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ID 114197
Title Alternative
TGs and CV Events
Author
Kajikawa, Masato Hiroshima University
Maruhashi, Tatsuya Hiroshima University
Kishimoto, Shinji Hiroshima University
Matsui, Shogo Hiroshima University
Hashimoto, Haruki Hiroshima University
Takaeko, Yuji Hiroshima University
Mohamad Yusoff, Farina Hiroshima University
Kihara, Yasuki Hiroshima University
Chayama, Kazuaki Hiroshima University
Goto, Chikara Hiroshima International University
Noma, Kensuke Hiroshima University
Nakashima, Ayumu Hiroshima University
Tomiyama, Hirofumi Tokyo Medical University
Takase, Bonpei National Defense Medical College Research Institute
Kohro, Takahide Jichi Medical University
Suzuki, Toru University of Leicester
Ishizu, Tomoko University of Tsukuba
Ueda, Shinichiro University of the Ryukyu
Yamazaki, Tsutomu The University of Tokyo
Furumoto, Tomoo Hokkaido University
Kario, Kazuomi Jichi Medical University
Inoue, Teruo Dokkyo Medical University
Koba, Shinji Showa University
Watanabe, Kentaro Yamagata University
Takemoto, Yasuhiko Osaka City University
Hano, Takuzo Wakayama Medical University
Ishibashi, Yutaka Shimane University
Node, Koichi Saga University
Maemura, Koji Nagasaki University
Ohya, Yusuke University of the Ryukyus
Furukawa, Taiji Teikyo University
Ito, Hiroshi Okayama University
Ikeda, Hisao Teikyo University
Yamashina, Akira Tokyo Medical University
Higashi, Yukihito Hiroshima University
Keywords
Atherosclerosis
Cardiovascular events
Triglycerides
Content Type
Journal Article
Description
Background: Circulating triglyceride (TG) levels are a current focus as a residual risk for cardiovascular (CV) events. We evaluated the relationship between circulating TG levels and future CV events in patients with coronary artery disease (CAD) who were treated with conventional therapy.
Methods and Results: We analyzed data for 652 patients who were enrolled in the FMD-J Study A. We investigated the associations between serum TG levels and first major CV events (death from CV cause, nonfatal acute coronary syndrome (ACS), nonfatal stroke, and CAD) for a 3-year follow-up period. Patients were divided into 4 groups based on serum TG level: low-normal (<100 mg/dL), high-normal (100–149 mg/dL), borderline hypertriglyceridemia (150–199 mg/dL), and moderate hypertriglyceridemia (≥200 mg/dL). During a median follow-up period of 46.6 months, 14 patients died (9 from CV causes), 16 had nonfatal ACS, 6 had nonfatal stroke, and 54 had CAD. The Kaplan-Meier curves for first major CV event among the 4 groups were significantly different (P=0.04). After adjustment for various confounders, serum TG level ≥100 mg/dL were significantly associated with an increased risk of first major CV events compared with serum TG level <100 mg/dL.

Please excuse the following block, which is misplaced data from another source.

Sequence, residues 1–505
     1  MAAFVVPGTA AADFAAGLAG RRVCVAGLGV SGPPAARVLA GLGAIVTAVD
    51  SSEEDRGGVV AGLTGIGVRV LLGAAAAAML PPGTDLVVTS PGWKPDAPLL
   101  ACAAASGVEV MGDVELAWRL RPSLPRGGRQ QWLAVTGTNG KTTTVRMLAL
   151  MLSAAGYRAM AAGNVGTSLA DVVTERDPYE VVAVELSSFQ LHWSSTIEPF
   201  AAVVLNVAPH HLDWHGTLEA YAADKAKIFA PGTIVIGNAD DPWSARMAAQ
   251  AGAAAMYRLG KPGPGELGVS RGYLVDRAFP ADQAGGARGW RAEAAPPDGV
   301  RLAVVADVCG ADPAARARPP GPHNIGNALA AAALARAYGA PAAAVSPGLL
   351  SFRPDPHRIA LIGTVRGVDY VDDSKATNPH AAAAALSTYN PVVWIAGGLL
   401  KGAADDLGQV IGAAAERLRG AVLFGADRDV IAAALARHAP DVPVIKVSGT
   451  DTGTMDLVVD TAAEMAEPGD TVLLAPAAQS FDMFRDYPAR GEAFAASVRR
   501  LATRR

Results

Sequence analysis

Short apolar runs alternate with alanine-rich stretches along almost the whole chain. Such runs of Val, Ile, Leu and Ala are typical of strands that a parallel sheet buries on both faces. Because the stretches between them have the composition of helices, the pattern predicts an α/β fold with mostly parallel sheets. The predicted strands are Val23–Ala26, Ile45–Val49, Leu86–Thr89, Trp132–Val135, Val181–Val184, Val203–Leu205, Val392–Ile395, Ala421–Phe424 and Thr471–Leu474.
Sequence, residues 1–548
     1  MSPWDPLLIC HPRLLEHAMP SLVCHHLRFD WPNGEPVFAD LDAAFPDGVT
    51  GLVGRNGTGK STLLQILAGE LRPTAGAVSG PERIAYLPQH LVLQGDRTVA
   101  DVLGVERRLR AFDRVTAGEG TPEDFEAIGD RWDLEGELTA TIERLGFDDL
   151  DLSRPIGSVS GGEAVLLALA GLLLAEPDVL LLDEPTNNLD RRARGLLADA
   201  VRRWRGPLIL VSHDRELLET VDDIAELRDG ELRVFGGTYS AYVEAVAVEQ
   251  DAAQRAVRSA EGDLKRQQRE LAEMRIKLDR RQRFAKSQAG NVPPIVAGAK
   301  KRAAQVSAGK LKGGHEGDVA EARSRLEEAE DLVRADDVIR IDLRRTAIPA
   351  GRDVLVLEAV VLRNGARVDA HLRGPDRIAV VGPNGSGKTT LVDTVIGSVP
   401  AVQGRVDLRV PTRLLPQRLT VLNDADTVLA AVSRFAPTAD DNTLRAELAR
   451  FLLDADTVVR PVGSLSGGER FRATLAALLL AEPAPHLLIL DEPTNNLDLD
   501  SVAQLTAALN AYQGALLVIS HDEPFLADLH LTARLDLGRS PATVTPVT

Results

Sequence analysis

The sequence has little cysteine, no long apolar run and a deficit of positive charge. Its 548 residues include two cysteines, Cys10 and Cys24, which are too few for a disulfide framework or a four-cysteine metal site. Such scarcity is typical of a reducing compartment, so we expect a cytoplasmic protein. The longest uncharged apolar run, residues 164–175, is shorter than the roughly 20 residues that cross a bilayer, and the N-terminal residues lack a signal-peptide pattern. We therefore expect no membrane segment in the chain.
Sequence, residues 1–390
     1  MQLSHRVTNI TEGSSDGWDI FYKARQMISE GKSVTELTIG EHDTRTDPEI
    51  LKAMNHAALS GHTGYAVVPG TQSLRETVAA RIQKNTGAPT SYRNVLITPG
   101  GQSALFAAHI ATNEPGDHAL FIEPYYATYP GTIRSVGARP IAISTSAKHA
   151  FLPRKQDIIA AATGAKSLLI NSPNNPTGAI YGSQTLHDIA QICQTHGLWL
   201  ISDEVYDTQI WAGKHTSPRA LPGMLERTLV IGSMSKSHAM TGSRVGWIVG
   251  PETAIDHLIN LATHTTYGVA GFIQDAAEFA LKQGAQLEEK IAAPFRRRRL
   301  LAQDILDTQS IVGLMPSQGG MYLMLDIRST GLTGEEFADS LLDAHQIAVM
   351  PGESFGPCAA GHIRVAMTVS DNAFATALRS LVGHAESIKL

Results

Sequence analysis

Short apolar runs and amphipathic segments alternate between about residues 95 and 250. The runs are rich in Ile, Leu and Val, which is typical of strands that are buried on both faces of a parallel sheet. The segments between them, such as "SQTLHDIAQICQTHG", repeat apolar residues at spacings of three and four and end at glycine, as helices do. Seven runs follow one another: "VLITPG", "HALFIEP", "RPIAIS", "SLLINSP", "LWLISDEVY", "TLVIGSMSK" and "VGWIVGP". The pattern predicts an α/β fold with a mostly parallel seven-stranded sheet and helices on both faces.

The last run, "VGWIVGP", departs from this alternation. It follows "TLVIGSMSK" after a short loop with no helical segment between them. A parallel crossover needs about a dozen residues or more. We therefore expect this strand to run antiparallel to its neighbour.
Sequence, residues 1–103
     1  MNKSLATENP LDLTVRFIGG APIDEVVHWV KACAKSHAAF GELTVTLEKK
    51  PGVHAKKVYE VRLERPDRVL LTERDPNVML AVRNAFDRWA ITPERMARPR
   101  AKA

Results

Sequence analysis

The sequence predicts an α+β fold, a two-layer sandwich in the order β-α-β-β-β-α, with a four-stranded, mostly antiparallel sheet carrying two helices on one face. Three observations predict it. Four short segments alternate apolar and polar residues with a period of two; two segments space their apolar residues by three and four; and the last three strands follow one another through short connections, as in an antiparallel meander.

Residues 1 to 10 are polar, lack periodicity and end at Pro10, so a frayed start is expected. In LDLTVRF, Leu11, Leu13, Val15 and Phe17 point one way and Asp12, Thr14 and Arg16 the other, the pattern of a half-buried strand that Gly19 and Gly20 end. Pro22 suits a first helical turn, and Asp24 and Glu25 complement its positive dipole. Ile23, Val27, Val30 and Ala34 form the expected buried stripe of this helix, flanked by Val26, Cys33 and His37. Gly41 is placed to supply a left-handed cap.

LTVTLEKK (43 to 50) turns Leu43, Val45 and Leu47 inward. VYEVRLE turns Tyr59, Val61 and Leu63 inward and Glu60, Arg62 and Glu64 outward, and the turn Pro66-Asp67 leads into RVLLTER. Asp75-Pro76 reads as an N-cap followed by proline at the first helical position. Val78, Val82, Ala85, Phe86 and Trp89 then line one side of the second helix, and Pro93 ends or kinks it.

Conclusions: Serum TG level may be a surrogate marker for predicting CV events in patients with CAD.
Journal Title
Circulation Journal
ISSN
13469843
13474820
NCID
AA11591968
Publisher
The Japanese Circulation Society
Volume
83
Issue
5
Start Page
1064
End Page
1071
Published Date
2019-04-25
EDB ID
DOI (Published Version)
URL ( Publisher's Version )
FullText File
language
eng
TextVersion
Publisher
departments
Medical Sciences